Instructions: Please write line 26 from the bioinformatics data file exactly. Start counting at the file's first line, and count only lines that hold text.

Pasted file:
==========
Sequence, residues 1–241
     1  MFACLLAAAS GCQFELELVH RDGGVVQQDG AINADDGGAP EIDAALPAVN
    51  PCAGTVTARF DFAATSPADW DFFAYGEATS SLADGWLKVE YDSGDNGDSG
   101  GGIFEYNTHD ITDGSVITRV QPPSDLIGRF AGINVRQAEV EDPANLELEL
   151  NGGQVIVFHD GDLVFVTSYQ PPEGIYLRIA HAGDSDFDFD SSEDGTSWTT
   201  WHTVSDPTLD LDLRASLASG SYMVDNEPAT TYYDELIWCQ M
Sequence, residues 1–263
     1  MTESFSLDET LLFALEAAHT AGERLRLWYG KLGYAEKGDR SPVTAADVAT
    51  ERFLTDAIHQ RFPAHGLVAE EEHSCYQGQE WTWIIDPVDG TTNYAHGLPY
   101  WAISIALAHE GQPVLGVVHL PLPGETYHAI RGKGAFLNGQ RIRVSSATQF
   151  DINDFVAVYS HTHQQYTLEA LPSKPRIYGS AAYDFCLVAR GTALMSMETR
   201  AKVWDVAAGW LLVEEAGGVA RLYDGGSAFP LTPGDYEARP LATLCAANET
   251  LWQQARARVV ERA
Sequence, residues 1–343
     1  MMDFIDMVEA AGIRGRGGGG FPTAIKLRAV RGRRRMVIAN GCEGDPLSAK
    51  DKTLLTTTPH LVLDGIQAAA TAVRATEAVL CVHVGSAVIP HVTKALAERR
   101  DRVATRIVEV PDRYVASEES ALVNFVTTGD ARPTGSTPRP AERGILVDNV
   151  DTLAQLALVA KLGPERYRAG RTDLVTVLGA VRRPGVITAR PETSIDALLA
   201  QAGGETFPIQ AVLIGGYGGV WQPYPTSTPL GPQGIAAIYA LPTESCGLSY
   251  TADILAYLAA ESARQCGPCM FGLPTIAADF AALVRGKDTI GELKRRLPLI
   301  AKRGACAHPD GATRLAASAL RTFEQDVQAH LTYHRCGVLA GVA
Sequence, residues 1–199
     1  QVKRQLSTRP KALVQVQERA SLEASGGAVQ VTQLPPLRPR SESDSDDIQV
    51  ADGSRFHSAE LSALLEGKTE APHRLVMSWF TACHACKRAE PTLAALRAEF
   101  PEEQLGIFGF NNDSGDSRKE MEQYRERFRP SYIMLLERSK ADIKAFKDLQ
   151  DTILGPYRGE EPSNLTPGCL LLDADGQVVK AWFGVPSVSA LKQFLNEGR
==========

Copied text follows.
   151  DTILGPYRGE EPSNLTPGCL LLDADGQVVK AWFGVPSVSA LKQFLNEGR